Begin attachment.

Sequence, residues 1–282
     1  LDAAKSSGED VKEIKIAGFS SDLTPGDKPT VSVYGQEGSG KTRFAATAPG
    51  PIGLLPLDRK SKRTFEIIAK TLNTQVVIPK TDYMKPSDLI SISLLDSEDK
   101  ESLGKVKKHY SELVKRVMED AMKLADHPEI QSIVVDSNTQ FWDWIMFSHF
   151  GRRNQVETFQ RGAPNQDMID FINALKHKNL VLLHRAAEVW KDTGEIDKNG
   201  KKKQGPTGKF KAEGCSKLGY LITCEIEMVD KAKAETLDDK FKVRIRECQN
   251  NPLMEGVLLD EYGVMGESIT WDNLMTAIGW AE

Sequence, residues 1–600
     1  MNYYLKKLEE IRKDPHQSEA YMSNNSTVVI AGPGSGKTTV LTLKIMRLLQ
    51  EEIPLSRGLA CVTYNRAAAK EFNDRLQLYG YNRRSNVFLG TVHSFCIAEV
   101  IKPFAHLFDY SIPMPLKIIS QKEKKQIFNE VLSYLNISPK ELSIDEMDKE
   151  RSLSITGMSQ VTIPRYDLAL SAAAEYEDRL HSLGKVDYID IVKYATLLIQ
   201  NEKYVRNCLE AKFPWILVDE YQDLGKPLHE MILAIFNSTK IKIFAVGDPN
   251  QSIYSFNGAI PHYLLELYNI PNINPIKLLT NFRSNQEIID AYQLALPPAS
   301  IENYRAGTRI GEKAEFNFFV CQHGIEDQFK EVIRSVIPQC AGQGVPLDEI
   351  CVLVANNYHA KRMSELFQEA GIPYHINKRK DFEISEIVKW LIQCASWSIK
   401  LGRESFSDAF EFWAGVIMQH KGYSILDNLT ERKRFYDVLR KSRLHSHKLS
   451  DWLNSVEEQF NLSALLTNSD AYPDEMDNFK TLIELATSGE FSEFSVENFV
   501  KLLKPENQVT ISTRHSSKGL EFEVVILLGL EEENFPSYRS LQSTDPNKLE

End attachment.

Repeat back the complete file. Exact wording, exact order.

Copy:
Sequence, residues 1–282
     1  LDAAKSSGED VKEIKIAGFS SDLTPGDKPT VSVYGQEGSG KTRFAATAPG
    51  PIGLLPLDRK SKRTFEIIAK TLNTQVVIPK TDYMKPSDLI SISLLDSEDK
   101  ESLGKVKKHY SELVKRVMED AMKLADHPEI QSIVVDSNTQ FWDWIMFSHF
   151  GRRNQVETFQ RGAPNQDMID FINALKHKNL VLLHRAAEVW KDTGEIDKNG
   201  KKKQGPTGKF KAEGCSKLGY LITCEIEMVD KAKAETLDDK FKVRIRECQN
   251  NPLMEGVLLD EYGVMGESIT WDNLMTAIGW AE

Sequence, residues 1–600
     1  MNYYLKKLEE IRKDPHQSEA YMSNNSTVVI AGPGSGKTTV LTLKIMRLLQ
    51  EEIPLSRGLA CVTYNRAAAK EFNDRLQLYG YNRRSNVFLG TVHSFCIAEV
   101  IKPFAHLFDY SIPMPLKIIS QKEKKQIFNE VLSYLNISPK ELSIDEMDKE
   151  RSLSITGMSQ VTIPRYDLAL SAAAEYEDRL HSLGKVDYID IVKYATLLIQ
   201  NEKYVRNCLE AKFPWILVDE YQDLGKPLHE MILAIFNSTK IKIFAVGDPN
   251  QSIYSFNGAI PHYLLELYNI PNINPIKLLT NFRSNQEIID AYQLALPPAS
   301  IENYRAGTRI GEKAEFNFFV CQHGIEDQFK EVIRSVIPQC AGQGVPLDEI
   351  CVLVANNYHA KRMSELFQEA GIPYHINKRK DFEISEIVKW LIQCASWSIK
   401  LGRESFSDAF EFWAGVIMQH KGYSILDNLT ERKRFYDVLR KSRLHSHKLS
   451  DWLNSVEEQF NLSALLTNSD AYPDEMDNFK TLIELATSGE FSEFSVENFV
   501  KLLKPENQVT ISTRHSSKGL EFEVVILLGL EEENFPSYRS LQSTDPNKLE